Did you know that we run a befriending programme? It’s called A Helping Hand and it offers refugees and people seeking asylum one-to-one support to help them settle in Calderdale and get to know the area. It is especially beneficial for those who are isolated or for families and single parents.
The aim is to build friendships between Centre Members and volunteers, which has a positive impact for all involved. It includes having a regular chat, going for a walk or visiting places and doing things together. We also want to encourage our centre members to start volunteering with us, or if they feel confident enough, to become befrienders themselves.
Miles is a volunteer befriender. He says:
“I was keen to be a befriender because I have often seen people who look like they might be seeking asylum in Halifax and just a smile and hello was all I could do to make them feel welcome. They are so isolated. They live in limbo, often spending long hours alone worrying about their relatives back home. With little English and no way to contribute they can feel invisible. Not surprisingly many have mental health issues.
I have learned a lot from my befriendee about isolation. By encouraging him to leave his room and explore Halifax, by getting some practical things, like an old frying pan and a mug and some spectacles, he seems to feel more able to think about his future.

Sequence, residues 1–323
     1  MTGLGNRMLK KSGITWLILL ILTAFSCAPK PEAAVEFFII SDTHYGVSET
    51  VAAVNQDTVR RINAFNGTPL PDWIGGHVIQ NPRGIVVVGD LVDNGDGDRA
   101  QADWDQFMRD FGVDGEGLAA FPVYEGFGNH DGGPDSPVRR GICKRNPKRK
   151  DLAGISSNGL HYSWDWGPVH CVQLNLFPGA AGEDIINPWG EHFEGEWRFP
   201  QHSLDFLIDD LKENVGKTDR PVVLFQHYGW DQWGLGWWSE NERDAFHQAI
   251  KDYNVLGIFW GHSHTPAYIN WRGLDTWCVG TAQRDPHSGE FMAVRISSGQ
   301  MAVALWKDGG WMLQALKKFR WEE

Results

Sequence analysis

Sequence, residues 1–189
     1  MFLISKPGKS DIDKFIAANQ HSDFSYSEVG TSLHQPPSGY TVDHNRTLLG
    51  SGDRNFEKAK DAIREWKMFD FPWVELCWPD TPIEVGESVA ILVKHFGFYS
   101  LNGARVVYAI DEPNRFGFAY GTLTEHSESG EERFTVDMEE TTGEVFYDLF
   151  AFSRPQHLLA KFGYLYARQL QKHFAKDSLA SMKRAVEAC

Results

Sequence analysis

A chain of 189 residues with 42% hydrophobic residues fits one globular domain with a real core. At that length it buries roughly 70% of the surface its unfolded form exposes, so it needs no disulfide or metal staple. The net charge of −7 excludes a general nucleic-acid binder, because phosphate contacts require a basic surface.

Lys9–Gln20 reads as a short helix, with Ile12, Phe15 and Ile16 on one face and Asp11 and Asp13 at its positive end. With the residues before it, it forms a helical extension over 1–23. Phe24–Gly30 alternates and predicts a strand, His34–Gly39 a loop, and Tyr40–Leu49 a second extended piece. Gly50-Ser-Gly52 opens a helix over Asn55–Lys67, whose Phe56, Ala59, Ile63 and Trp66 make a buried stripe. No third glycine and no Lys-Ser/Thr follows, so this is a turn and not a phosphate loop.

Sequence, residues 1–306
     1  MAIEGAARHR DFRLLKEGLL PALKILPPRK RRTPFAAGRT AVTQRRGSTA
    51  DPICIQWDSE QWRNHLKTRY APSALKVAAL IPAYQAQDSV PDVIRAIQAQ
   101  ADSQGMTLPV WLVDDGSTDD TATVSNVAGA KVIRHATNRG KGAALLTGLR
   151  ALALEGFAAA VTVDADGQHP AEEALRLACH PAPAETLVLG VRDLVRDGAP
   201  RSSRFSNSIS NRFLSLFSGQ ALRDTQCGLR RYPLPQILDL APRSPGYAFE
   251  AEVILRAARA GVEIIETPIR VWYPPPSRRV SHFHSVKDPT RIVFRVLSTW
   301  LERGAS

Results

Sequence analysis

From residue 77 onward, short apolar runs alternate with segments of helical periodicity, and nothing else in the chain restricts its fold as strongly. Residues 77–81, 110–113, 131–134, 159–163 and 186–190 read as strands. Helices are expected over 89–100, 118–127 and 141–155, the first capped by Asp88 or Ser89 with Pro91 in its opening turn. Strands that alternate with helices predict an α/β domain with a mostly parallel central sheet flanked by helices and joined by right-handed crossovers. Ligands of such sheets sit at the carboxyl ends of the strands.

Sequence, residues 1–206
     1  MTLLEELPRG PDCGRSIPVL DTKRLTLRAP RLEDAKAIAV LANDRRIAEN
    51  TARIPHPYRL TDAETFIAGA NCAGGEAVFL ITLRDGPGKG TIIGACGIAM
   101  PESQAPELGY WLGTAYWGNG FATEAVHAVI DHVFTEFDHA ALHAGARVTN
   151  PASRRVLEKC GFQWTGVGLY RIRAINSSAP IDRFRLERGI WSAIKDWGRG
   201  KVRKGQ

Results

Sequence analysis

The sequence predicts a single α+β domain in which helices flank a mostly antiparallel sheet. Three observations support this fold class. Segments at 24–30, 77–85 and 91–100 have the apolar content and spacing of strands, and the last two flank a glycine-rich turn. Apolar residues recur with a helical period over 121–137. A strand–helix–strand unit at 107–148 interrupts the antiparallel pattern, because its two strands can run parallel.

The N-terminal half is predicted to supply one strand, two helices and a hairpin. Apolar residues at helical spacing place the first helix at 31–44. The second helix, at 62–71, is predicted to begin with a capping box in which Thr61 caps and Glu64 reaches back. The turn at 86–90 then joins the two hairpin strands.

He still has bad days and sleepless nights, but he is smiling more and more. Getting to know him has been a heartwarming experience. He teaches me Turkish words and I teach him some English. English will be the key for him.
He has been through a lot and is still vulnerable, he gets fazed by crowds for instance, but his strength and intelligence are beginning to shine through.
There is a long road ahead, but St Augustine’s has supported him with advice and in so many other ways. I feel proud of the progress he has made and the confidence he is beginning to show.”
Samina is a Centre Member who was matched with a befriender and really values the friendship:
"The befriending scheme helped me so much - to know the town better, to know the UK life better and most importantly I made a friend who listens to me when I'm feeling low and having a bad day. She cheers me up and shows me the positive side of life. She's been very supportive throughout our friendship, I appreciate her a lot."
Rabia Zaka is our Volunteer and Befriending Coordinator. She says:
“It's a very satisfying job. When you first meet a Centre Member, they may be struggling with lots of aspects of their situation - for example, language, isolation, not knowing the area, not knowing what facilities are available and how to access them.
Matching them up with a befriender and watching a beautiful friendship develop gives me a great feeling. Especially when you see the duo participating in different activities at the centre like gardening, our walk and talk group, English classes etc.
The language barrier is always there, but our befrienders and befriendees are creative about finding ways to communicate with each other, and a smile and friendly face is just the start. I really appreciate the time befrienders give to the relationship, and the many methods of communication they use to build a bond.”
If you’re interested in becoming a befriender, please email Rabia to find out more.